Take my cohort – 50-59 years of age – I’m moving towards the middle part of that. In South Korea that is 0.5%, Spain 0.4%, China 1.3% and Italy 1%. Let’s look at this slightly different. If one catches Covid-19 (and is confirmed to have caught it) therefore in Spain one in 200 of those in the 50-59 year old age range would wind up dying. In China and Italy it is clearly double or a bit more than that. Compare and contrast with the mortality rate for flu. CNN noted in late March that in the US:

That coronavirus death rate, which is lower than earlier estimates, takes into account potentially milder cases that often go undiagnosed — but it’s still far higher than the 0.1% of people who are killed by the flu.

And worth bearing in mind that that 0.1% would be skewed towards the most vulnerable cohorts. Let’s consider that 0.1%. Amongst 20-29 year olds that is half of the rate affecting that cohort with regard to coronavirus (0.2%). For 30-39 years old it is a range between 0.11 and 0.3% for coronavirus. 40-49 year olds it is 0.08 and 0.4%. I’ve done 50-59 years olds. 60-69 years olds 1.8% to 3.5%. 70-79 years olds 4.8% to 12.8%. 80+ 13% to 20.2%.

Not that those in seemingly less vulnerable cohorts should be free of concerns. As this piece from The Atlantic notes:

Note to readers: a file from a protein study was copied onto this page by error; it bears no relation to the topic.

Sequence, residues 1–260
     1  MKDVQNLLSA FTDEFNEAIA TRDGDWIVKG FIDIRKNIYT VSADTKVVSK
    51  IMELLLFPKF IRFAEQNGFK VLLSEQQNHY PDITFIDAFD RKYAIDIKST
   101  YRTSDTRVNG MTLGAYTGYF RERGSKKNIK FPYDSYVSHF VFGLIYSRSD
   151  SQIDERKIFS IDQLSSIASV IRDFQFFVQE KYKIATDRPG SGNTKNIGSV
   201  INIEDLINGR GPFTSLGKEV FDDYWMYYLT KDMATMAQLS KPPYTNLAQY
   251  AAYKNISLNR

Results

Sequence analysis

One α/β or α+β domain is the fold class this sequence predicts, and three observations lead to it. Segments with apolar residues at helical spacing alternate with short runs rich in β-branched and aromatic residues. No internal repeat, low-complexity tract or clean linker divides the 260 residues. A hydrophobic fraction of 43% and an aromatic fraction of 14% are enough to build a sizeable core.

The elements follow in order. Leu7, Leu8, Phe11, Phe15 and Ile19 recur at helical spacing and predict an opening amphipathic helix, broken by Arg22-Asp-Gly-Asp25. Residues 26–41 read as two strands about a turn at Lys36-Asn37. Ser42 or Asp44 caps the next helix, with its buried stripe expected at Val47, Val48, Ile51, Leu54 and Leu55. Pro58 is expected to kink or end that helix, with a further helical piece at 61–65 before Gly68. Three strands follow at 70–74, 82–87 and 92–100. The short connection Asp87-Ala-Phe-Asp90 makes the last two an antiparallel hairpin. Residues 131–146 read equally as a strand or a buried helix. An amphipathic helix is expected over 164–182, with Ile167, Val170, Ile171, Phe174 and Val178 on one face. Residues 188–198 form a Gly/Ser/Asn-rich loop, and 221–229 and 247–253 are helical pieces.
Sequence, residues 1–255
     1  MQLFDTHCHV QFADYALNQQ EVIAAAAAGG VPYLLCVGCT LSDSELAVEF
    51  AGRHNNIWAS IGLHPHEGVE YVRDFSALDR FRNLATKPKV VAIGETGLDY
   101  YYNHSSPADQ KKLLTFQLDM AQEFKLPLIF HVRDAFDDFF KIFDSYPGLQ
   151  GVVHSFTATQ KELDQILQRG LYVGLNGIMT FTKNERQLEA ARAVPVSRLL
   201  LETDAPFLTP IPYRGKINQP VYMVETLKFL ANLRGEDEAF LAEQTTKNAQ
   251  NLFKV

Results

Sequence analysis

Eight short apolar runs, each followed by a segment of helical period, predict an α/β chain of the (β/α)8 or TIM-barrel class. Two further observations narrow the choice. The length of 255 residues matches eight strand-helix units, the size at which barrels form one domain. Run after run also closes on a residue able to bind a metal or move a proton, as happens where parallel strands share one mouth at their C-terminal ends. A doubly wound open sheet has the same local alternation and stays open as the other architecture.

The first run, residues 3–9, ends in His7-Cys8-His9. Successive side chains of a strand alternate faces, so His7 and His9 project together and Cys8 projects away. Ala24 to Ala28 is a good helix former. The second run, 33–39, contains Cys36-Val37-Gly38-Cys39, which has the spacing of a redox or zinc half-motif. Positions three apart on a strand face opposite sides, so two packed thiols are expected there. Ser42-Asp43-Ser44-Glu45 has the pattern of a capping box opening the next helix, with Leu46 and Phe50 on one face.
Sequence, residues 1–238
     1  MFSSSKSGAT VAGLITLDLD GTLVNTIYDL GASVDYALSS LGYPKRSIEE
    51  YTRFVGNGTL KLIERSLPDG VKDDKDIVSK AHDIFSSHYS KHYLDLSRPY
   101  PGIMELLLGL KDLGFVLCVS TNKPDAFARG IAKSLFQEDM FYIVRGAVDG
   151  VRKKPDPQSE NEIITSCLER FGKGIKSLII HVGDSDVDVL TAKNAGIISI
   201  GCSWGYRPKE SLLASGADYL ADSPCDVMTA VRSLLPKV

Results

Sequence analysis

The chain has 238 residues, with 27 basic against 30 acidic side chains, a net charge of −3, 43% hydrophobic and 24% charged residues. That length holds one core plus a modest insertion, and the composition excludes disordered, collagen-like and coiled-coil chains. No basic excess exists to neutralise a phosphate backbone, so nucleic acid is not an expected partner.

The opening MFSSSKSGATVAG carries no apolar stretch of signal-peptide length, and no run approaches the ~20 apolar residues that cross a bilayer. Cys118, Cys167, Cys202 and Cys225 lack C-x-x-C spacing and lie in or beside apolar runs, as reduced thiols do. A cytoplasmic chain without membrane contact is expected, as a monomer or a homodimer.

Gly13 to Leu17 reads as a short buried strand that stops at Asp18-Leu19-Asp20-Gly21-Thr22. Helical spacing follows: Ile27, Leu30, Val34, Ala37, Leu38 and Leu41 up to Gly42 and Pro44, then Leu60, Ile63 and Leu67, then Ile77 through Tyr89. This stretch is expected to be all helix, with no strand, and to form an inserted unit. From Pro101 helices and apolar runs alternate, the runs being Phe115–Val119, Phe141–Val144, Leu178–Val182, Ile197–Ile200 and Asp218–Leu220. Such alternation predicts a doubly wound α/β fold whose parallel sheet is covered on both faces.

No matter the cause, interpreting the “youth surge” as good news would be a mistake. Young people infected with COVID-19 still face extreme dangers—and present real danger to their close contacts and their community. “We see people in their 20s and 30s in our ICUs gasping for air because they have COVID-19,” James McDeavitt, the dean of clinical affairs at Baylor College of Medicine, told The Wall Street Journal. Young people who feel fine can still contract long-term organ damage, particularly to their lungs. They can pass the disease to more vulnerable people, who end up in the hospital; a youth surge could easily translate into a broader uptick some weeks from now. And the sheer breadth of the youth surge could force businesses to shut down, throwing millions more people into limbo or outright unemployment.